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County Executive and County Council Approves and Adopts Legislation to Place Renewal of the Summit County Children Services Board Levy on November 2018 Ballot

On June 18, 2018 Summit County Executive Shapiro and Summit County Council approved and adopted Resolution 2018-241, which will place the issue of renewing the Summit County Children Services Board levy before voters this fall.  The legislation is a critical step to continuing child safety, permanency, and well-being programs and services to thousands of children in Summit County.  The levy will appear on the November 6, 2018 election ballot.

County Council and County Executive Shapiro had previously adopted and signed a Resolution of Necessity last month, and the County’s Social Services Advisory Board (SSAB), made up of community social service leaders recommended that the renewal levy be placed on the ballot.  If adopted, the renewal levy will continue for a period of six years beginning with the 2019 tax list and duplicate, for collection in years 2020 through 2025.

“Thousands of children in Summit County depend on this levy renewal to fund programs and services that help to improve the quality of their lives and family environments,” said County Executive Shapiro. “So many of these children are dealing with trauma and instability that no child should ever experience. This levy is not only an investment in their lives and their wellbeing, it is also a critical investment in the future of our community.”

The proposed levy will increase 1 mill, an increase from 2.25 mills to 3.25 mills in order to provide sufficient services. The opiate crisis in Summit County has had a significant impact on Summit County Children Services (SCCS), as the number of children who entered custody has drastically increased. In the last two years, there has been a 17% increase in the number of children entering custody in cases of substance abuse and the cost of placement and care for children affected by substance abuse and the opiate crisis has increased 18%. These increases have caused tremendous financial strain on the agency in meeting the needs of children and families.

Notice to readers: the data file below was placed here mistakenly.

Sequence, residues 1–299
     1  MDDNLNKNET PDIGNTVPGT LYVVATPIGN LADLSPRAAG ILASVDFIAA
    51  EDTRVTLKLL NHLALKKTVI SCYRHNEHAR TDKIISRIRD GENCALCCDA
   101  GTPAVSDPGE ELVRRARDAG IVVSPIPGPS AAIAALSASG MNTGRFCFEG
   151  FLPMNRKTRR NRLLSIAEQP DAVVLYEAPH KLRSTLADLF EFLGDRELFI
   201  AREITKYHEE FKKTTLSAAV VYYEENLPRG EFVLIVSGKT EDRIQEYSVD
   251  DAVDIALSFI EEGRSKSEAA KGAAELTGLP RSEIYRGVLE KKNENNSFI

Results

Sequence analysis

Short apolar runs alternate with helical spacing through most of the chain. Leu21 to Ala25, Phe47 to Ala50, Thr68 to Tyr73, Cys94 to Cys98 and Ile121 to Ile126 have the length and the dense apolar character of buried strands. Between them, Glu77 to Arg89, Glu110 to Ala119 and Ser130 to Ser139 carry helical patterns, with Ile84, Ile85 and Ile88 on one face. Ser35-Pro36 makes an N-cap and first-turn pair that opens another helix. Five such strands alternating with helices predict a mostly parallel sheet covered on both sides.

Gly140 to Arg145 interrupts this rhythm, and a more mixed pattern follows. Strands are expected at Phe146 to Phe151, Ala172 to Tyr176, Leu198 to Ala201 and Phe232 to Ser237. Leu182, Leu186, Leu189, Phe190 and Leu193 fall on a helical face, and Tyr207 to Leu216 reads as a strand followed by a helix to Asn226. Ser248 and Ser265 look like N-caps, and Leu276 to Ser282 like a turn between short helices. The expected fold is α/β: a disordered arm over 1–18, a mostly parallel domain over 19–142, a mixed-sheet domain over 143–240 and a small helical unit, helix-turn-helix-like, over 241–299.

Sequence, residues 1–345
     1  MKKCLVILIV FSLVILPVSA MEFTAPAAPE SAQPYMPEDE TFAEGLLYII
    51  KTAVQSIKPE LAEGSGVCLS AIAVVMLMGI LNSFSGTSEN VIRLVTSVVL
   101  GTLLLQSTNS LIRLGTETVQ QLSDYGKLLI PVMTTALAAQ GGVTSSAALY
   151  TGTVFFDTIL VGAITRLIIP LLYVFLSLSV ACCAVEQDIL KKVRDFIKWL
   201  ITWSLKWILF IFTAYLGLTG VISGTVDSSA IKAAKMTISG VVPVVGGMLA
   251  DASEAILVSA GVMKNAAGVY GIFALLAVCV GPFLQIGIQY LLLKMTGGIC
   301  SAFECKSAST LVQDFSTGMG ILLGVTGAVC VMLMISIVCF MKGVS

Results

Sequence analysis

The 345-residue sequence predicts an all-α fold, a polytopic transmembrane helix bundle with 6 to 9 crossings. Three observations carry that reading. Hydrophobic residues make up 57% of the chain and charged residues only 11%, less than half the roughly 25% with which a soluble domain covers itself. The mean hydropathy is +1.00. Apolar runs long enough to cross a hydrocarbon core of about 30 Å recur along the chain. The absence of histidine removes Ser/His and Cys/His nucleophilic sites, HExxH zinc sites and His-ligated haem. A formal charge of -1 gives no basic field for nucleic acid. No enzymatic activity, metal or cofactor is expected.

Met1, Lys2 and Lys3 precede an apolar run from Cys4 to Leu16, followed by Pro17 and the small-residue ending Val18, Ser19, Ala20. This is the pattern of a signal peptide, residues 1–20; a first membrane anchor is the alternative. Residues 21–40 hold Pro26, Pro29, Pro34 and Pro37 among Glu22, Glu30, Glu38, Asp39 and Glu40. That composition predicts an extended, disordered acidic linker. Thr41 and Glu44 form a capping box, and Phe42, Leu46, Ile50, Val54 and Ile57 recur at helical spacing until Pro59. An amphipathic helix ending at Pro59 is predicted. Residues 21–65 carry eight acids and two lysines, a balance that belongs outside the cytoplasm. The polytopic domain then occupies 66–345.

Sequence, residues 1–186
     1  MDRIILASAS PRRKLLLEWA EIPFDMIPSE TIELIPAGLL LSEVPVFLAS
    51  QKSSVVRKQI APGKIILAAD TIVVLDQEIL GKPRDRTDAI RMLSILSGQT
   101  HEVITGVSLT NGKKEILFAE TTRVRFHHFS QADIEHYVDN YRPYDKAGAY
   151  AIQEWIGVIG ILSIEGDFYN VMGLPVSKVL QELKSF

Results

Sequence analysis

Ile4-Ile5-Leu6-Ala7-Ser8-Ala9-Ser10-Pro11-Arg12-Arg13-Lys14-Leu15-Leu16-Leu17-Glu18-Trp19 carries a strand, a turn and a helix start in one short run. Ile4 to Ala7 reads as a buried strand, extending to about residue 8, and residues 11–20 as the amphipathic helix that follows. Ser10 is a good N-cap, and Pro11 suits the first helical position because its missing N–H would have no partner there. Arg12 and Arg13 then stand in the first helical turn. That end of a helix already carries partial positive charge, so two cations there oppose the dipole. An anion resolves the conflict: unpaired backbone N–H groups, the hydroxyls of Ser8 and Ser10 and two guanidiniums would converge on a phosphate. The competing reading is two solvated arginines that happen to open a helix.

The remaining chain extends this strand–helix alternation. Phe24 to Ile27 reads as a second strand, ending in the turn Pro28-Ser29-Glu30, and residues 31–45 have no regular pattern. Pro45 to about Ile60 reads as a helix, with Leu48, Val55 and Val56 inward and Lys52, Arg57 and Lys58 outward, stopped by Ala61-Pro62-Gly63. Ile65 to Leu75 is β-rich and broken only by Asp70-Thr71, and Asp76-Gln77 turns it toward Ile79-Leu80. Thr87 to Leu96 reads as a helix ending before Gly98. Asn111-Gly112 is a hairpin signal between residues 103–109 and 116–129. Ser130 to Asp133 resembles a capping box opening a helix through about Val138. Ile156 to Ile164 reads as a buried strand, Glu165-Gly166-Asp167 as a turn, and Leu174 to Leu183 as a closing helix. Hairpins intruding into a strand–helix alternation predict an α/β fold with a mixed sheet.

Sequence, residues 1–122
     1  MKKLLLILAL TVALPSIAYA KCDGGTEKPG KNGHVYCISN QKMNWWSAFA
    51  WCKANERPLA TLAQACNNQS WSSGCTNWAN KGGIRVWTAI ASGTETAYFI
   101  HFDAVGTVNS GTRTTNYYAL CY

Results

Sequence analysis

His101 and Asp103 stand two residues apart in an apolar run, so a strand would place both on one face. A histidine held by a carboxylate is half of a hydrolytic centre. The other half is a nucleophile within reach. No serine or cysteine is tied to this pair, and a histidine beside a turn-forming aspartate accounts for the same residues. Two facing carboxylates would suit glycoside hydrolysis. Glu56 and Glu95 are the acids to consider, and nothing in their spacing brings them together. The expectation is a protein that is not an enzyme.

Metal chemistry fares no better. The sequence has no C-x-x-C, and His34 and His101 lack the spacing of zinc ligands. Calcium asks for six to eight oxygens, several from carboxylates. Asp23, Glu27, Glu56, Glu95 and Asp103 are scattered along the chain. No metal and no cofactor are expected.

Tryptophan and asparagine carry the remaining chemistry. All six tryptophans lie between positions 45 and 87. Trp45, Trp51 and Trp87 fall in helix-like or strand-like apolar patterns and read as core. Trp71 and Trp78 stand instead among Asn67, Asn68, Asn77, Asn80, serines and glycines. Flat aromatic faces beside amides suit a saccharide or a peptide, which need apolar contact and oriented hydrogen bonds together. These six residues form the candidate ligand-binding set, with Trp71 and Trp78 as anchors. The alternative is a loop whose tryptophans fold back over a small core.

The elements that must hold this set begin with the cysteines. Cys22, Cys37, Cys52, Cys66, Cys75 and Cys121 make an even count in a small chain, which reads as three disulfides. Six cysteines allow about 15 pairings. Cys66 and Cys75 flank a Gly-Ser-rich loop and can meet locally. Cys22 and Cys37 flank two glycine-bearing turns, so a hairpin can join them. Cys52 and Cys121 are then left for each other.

“Summit County Children Services is being increasingly burdened with the effects of the opiate epidemic and the impact it is having on children and families,” said County Council President John Schmidt. “The services they provide are imperative for the daily care and stability of so many children in our county.”

Summit County Children Services has not requested an increase to the levy in the last 30 years. “Last year SCCS served nearly 10,000 abused and neglected children, and many of those children are silent victims of the opioid epidemic,” said Summit County Children Services Executive Director Julie Barnes. “Ohio ranks 50th in the nation in State financial support to child protection services, so local support is critical to keep the children of Summit County safe.”

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